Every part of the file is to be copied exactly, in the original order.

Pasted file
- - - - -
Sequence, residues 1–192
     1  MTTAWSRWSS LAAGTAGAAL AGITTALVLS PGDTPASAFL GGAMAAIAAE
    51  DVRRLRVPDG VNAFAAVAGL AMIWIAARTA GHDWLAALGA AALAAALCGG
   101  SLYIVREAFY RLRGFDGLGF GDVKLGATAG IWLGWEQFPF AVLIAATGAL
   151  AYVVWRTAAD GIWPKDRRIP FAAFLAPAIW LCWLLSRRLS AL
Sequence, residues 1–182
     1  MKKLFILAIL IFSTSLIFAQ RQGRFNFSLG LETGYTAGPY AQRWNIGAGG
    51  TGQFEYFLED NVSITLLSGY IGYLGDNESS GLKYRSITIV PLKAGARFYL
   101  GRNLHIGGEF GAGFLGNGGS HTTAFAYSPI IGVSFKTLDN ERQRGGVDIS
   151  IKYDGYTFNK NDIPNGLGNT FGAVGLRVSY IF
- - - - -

Sequence, residues 1–192
     1  MTTAWSRWSS LAAGTAGAAL AGITTALVLS PGDTPASAFL GGAMAAIAAE
    51  DVRRLRVPDG VNAFAAVAGL AMIWIAARTA GHDWLAALGA AALAAALCGG
   101  SLYIVREAFY RLRGFDGLGF GDVKLGATAG IWLGWEQFPF AVLIAATGAL
   151  AYVVWRTAAD GIWPKDRRIP FAAFLAPAIW LCWLLSRRLS AL
Sequence, residues 1–182
     1  MKKLFILAIL IFSTSLIFAQ RQGRFNFSLG LETGYTAGPY AQRWNIGAGG
    51  TGQFEYFLED NVSITLLSGY IGYLGDNESS GLKYRSITIV PLKAGARFYL
   101  GRNLHIGGEF GAGFLGNGGS HTTAFAYSPI IGVSFKTLDN ERQRGGVDIS
   151  IKYDGYTFNK NDIPNGLGNT FGAVGLRVSY IF